With their refreshing take on wine and food, Andrew and Lisa Margan are the king and queen of Broke. Their barbera exudes blueberry and riberry fruits, with a pleasing balance of acid and tannin. Pair it with the pork belly on their restaurant’s menu.
The Hunter valley is Australia’s oldest wine region, dating back to the 1820s. The rollcall of pioneers in the area began with William Kelman, the brother-in-law of James Busby, whose 500 European vine cuttings kickstarted the country’s wine industry. In 1843, Dr Henry Lindeman became the first of several winegrowing doctors in the region, with the dynasties of the Draytons (1853), Tyrrells (1858) and Tullochs (1895) following in his wake. Today, you’re likely to be poured a glass of semillon or shiraz by their descendants.
Both varieties have found a special place in the Hunter Valley’s warm maritime and subtropical climate. Young semillon is tight, lean, spicy and unburdened by oak. Semillon ages (for up to 30 years) into a rich yet refreshing white with honey and marmalade flavours. Its alter ego, shiraz, is typically medium-bodied here, with an earthy, savoury style. Hunter shiraz from top vintages (2011, 2014 and, potentially, 2017) mellows out after five, 10 and many more years.
The Hunter Valley is right on Sydney’s doorstep so a daytrip is possible (but after a couple of glasses of 10-year-old semillon, who wants to drive home?). Its cellar doors are geared towards both the frivolous and serious wine-lover. Some have reserved members-only areas, including Tyrrell’s, Tulloch and Brokenwood. There are also lots of small, friendly cellar doors such as David Hook, Gartelmann, McLeish Estate, Usher Tinkler and Tallavera Grove. And don’t overlook the Broke Fordwich subregion, where Margan’s terrific produce-driven restaurant is just down the road from Krinklewood’s biodynamic vineyard.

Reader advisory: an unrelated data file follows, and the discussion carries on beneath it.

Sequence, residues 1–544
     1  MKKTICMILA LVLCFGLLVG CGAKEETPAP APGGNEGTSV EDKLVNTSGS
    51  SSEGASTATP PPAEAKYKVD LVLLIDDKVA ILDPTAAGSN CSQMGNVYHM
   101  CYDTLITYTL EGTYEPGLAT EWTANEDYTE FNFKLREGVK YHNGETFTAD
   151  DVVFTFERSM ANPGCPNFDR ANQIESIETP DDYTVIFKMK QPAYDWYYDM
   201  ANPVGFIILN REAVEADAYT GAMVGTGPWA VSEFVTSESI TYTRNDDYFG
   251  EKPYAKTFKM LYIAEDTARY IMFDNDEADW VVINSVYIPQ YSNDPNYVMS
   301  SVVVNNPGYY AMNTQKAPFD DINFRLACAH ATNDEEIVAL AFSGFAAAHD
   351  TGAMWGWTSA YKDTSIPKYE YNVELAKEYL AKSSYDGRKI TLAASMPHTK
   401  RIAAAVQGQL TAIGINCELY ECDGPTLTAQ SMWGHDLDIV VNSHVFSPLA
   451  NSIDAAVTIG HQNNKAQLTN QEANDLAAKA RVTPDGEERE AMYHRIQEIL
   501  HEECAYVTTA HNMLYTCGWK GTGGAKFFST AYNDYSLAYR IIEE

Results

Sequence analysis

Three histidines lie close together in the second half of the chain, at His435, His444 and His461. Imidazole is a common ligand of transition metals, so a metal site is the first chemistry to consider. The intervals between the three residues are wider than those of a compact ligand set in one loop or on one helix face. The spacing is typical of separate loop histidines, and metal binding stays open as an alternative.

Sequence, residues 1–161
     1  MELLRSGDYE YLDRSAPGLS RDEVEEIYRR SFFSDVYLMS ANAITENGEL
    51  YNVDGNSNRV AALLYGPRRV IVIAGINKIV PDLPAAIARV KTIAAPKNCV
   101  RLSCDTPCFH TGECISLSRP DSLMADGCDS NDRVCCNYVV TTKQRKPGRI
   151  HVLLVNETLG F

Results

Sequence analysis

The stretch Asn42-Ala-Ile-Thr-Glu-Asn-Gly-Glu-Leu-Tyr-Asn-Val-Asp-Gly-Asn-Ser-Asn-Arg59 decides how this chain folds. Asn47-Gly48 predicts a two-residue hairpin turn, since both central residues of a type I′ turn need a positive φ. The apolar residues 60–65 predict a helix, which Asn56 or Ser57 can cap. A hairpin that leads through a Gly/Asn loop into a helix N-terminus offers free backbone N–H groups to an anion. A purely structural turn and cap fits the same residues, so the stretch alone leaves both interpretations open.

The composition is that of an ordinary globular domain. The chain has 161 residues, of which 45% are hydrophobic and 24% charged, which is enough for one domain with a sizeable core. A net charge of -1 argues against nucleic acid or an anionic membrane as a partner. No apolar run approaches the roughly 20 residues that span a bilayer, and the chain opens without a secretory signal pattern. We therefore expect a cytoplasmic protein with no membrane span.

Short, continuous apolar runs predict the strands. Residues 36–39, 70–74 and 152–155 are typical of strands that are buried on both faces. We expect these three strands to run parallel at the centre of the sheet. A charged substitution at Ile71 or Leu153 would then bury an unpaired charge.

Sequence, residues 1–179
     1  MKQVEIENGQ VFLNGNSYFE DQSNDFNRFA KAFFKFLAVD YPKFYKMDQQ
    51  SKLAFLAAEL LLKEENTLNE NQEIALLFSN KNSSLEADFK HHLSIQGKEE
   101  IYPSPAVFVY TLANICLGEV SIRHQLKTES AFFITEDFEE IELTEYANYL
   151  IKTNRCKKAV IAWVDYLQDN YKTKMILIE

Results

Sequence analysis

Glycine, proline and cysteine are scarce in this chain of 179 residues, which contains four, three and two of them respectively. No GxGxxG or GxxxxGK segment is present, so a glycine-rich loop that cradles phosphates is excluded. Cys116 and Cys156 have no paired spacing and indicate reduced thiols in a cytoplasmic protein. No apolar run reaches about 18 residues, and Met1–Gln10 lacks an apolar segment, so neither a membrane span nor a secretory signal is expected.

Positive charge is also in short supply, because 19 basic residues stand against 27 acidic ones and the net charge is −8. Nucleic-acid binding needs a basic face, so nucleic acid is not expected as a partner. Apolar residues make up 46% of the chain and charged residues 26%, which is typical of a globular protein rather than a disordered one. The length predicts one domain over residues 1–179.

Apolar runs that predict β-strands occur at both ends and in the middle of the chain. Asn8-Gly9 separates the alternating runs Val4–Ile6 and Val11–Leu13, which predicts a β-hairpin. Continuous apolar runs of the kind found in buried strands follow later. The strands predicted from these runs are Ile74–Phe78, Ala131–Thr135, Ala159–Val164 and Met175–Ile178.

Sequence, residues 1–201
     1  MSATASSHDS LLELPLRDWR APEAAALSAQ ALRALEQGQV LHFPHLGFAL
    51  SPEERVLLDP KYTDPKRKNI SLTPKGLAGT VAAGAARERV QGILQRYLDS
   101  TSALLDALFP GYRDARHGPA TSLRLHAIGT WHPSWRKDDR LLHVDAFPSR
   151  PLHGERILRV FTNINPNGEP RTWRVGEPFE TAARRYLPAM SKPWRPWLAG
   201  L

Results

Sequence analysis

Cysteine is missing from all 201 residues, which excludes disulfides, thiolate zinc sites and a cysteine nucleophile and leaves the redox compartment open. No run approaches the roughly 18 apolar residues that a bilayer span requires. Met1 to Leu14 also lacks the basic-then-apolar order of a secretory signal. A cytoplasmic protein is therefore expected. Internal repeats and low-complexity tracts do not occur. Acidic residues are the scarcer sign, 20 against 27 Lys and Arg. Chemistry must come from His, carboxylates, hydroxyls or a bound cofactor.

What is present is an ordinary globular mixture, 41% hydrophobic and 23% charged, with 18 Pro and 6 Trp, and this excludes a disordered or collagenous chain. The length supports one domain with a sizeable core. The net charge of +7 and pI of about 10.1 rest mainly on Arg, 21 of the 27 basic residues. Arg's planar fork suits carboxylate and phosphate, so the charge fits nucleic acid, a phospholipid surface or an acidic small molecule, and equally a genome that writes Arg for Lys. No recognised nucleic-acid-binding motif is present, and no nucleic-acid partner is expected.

Semillon and shiraz remain the heroes but it’s worth remembering that Australia’s love of chardonnay was instigated by Hunter Valley winemaker Murray Tyrrell in the early 1970s and, a decade earlier, Dr Max Lake had planted cabernet sauvignon. Today, there’s the new wave of Mediterranean varieties, with Tintilla embracing sangiovese, David Hook having success with pinot grigio and barbera and Andrew Margan venturing towards Spain with tempranillo, graciano and albarino. The region is amazingly diverse, mixing old and new, traditional and modern. You’re in for a surprise.
Read the original article at Travel Insider Qantas